Navigating the Future
Philip Condit, Chairman and Chief Executive Officer; The Boeing Company
Description: While he won't provide a definitive answer about Boeing's plans to manufacture a 787 airliner, Phil Condit does make some stark predictions about the future. The current information revolution finds its historic analogy in the industrial revolution, Condit says, which was extremely disruptive, transforming agrarian societies into urban ones--forcing people to find new ways of surviving, or perish. Flash forward to the U.S. today, with its 10 trillion dollar economy. About half of our gross domestic product is defined by transformational activities, such as making airplanes or hamburgers. The other half of the economy is defined by transactional activities information passed back and forth among people. What is happening as technology creates a more efficient transactional economy? Condit cites studies showing that faster computing increases productivity, while drastically decreasing the workforce. And if the employment scene looks grim now, Condit reminds us that we're just at the start of the information revolution, which will speed decision-making, communications and operations in all spheres of the economy. Condit's conclusion: We'll need to rethink the organization of our institutions to ensure that the current economic revolution poses an opportunity as well as a challenge.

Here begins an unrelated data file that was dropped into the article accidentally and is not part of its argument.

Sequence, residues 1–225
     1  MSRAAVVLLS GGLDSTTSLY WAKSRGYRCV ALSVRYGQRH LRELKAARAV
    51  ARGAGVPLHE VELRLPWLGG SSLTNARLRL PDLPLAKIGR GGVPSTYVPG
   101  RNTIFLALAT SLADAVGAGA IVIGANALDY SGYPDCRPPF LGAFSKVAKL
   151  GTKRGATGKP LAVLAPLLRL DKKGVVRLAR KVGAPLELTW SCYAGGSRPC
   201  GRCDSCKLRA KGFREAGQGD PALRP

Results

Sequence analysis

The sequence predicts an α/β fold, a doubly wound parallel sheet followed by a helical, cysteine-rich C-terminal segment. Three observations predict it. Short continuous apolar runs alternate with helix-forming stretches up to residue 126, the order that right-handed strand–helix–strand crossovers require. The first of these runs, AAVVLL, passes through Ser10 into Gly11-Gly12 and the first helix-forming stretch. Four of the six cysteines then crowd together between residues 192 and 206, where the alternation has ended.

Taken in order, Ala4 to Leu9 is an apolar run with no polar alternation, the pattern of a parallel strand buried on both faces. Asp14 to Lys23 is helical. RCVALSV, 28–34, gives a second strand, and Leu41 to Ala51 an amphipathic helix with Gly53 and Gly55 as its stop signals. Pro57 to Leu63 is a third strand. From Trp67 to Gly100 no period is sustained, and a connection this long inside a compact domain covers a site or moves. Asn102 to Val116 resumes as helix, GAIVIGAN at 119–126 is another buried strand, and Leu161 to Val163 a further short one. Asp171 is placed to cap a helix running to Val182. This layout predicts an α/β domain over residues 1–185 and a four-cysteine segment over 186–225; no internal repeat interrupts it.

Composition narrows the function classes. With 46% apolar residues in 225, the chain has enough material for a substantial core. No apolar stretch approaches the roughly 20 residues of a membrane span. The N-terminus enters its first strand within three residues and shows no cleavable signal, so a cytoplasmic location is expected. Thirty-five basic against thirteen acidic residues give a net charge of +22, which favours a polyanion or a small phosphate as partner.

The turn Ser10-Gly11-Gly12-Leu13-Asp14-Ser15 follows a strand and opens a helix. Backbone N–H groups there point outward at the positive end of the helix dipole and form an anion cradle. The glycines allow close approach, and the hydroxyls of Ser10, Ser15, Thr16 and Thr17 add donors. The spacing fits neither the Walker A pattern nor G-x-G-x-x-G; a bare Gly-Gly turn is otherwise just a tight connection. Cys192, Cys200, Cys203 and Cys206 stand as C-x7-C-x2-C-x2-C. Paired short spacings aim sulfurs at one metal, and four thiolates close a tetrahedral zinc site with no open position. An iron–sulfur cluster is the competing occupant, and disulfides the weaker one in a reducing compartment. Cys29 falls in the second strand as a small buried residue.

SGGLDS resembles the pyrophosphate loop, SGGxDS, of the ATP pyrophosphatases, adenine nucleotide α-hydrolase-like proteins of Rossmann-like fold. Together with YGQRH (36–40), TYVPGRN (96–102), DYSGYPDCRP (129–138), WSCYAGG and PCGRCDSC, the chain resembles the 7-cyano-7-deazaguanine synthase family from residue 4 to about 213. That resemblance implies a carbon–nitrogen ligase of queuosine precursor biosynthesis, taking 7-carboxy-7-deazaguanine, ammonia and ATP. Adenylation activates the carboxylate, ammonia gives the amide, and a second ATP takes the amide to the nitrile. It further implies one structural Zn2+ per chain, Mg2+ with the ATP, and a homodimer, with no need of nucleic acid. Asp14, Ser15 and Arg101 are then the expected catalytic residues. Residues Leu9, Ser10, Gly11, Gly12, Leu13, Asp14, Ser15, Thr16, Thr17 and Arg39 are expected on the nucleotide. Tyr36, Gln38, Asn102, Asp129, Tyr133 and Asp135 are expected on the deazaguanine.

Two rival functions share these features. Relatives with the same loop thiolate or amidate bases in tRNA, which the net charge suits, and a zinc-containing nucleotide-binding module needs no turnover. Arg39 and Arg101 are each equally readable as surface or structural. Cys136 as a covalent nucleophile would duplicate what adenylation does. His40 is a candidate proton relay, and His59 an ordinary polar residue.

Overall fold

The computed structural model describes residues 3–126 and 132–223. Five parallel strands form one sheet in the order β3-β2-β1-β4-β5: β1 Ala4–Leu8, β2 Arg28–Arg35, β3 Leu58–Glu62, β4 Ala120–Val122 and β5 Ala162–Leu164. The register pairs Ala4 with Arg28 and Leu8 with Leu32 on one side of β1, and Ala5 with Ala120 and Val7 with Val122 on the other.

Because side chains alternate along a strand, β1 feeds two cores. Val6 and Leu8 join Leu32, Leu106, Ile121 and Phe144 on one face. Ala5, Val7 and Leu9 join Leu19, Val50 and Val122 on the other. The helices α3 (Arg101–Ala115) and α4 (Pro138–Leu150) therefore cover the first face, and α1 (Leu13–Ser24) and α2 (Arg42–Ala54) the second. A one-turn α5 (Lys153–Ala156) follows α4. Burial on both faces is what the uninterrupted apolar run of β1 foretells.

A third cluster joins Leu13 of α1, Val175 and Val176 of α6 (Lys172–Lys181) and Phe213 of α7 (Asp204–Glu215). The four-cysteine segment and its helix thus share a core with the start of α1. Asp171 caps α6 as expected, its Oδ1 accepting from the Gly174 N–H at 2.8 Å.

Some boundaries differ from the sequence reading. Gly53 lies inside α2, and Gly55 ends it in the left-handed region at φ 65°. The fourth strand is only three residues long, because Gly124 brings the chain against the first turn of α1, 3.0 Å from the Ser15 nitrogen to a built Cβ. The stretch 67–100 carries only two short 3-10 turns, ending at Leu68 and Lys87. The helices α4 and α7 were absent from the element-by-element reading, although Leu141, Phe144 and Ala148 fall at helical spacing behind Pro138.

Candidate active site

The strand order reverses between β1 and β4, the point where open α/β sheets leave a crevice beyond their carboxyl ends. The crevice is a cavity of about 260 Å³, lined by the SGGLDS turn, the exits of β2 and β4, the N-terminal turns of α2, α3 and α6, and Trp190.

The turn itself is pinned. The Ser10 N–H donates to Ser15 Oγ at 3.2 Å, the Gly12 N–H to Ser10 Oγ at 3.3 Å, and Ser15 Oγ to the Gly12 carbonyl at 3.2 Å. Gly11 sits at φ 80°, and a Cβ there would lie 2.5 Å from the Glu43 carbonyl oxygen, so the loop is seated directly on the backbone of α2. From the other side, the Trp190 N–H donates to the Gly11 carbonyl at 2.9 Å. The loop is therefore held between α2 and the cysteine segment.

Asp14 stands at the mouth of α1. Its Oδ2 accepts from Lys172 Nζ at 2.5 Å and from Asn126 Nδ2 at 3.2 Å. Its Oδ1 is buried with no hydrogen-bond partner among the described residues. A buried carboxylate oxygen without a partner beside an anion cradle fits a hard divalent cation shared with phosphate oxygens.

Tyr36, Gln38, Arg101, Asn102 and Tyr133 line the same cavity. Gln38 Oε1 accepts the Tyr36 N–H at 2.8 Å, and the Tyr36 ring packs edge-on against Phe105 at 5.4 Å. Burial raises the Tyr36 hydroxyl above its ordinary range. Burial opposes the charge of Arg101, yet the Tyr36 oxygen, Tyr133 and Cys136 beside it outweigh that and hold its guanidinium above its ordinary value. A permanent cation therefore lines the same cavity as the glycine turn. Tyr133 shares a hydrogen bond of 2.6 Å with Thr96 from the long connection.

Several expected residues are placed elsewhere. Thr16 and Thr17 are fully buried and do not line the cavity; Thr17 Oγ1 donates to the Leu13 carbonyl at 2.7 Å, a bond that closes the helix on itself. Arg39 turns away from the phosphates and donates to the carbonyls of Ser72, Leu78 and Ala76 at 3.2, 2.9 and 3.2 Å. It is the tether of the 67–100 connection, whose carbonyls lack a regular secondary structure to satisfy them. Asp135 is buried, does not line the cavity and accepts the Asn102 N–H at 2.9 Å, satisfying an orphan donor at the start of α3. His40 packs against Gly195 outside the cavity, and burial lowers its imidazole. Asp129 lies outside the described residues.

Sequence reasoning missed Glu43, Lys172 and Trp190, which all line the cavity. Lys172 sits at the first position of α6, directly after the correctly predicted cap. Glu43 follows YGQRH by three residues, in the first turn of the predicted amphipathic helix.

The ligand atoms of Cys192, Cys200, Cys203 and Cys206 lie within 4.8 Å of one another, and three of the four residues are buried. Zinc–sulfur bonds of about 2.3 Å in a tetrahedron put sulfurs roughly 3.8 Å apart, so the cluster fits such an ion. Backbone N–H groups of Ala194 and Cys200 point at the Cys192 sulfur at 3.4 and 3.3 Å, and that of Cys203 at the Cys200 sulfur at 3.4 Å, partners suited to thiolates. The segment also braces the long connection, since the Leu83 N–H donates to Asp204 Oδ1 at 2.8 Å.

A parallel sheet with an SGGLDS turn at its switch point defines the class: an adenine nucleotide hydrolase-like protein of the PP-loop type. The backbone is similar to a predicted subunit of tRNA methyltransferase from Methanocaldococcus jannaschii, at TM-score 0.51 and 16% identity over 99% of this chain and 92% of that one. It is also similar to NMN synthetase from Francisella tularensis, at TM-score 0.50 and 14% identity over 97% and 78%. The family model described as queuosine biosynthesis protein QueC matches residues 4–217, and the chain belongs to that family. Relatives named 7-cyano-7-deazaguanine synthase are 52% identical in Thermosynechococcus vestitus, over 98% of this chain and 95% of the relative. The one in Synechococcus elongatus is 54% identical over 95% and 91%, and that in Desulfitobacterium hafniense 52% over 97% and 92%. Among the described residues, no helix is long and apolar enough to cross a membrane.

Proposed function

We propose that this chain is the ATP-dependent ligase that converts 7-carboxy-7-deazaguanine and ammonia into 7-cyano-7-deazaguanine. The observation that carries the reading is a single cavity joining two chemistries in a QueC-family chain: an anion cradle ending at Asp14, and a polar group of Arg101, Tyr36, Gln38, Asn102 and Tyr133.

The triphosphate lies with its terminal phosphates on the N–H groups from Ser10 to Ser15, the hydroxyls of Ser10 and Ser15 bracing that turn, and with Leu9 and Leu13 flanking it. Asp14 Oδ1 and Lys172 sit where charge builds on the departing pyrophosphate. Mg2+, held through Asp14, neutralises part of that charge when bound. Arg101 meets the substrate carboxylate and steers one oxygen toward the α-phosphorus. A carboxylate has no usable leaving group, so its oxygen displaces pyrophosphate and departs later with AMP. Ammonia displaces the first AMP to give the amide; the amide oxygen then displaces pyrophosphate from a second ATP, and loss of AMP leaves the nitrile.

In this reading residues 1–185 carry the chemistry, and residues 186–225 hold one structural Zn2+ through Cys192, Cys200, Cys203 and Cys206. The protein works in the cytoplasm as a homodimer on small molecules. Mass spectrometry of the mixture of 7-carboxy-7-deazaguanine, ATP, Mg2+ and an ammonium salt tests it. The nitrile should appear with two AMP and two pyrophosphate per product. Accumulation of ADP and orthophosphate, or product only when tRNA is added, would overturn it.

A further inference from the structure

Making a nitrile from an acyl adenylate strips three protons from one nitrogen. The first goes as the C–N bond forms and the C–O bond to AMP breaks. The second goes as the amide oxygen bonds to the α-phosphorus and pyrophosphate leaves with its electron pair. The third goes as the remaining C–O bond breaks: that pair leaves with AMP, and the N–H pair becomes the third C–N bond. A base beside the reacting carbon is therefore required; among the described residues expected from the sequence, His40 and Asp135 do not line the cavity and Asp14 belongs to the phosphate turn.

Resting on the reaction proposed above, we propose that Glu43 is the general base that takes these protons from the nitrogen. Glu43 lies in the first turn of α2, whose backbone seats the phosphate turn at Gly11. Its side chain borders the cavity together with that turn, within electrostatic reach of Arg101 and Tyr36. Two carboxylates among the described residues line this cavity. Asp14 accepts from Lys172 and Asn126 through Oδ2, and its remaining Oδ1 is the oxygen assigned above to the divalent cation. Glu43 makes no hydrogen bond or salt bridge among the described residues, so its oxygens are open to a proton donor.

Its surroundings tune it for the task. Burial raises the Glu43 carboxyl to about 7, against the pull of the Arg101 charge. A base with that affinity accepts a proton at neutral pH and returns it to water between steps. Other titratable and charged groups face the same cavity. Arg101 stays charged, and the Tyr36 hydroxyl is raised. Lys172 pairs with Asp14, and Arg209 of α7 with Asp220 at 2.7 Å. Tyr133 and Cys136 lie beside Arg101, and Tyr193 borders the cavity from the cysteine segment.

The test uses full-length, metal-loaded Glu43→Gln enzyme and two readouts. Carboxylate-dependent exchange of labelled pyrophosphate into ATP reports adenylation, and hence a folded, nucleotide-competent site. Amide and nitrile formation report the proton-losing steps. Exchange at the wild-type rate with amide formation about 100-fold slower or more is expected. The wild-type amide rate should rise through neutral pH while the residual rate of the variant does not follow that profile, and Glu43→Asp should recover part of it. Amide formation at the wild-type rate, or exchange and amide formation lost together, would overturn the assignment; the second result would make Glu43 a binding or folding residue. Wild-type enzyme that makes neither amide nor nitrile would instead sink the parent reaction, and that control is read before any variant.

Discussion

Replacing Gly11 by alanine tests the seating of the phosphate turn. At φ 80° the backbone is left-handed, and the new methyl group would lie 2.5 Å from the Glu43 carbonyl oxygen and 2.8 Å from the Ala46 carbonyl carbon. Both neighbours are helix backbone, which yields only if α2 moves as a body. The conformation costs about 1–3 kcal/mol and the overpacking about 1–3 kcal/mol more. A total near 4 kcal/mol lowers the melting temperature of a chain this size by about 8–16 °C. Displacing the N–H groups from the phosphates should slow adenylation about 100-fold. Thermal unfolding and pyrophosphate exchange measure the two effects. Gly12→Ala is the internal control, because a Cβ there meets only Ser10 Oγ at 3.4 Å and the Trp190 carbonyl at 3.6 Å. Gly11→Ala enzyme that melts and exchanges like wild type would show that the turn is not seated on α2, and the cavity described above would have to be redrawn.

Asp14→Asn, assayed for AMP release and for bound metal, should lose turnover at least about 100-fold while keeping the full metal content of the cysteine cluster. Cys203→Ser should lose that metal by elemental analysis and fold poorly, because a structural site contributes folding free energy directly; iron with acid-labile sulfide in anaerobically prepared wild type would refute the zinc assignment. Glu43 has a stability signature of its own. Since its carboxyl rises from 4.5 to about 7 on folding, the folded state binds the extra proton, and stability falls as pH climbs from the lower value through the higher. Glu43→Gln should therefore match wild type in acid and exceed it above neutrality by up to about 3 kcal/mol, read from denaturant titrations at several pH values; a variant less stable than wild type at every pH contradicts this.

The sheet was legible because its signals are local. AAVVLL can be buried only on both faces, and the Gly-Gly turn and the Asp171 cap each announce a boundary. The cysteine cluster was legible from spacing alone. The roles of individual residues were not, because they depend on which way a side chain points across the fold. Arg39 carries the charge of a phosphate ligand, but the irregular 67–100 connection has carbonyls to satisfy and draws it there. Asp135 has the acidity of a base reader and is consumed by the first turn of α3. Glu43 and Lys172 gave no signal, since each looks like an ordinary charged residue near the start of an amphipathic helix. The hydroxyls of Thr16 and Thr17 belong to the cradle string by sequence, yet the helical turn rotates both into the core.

About the Speaker(s): Phil Condit pilots the world's largest manufacturer of satellites, commercial jetliners, and military aircraft ($54 billion in revenues in 2002), and heads up a workforce of close to 160,000. Condit joined Boeing in 1965 as an aerodynamics engineer on the Supersonic Transport (SST) program. He was a principal in the development and/or marketing of most of the familiar Boeing jet lines: the 707, 727, 737, 747,757 and 777. He received a bachelor's degree in mechanical engineering from the University of California at Berkeley in 1963; a master's degree in aeronautical engineering from Princeton University in 1965; a master's degree in management from MIT in 1975; and, in 1997, a doctorate in engineering from Science University of Tokyo, where he was the first Westerner to earn such a degree.
Host(s): Office of the Provost, Cambridge-MIT Institute
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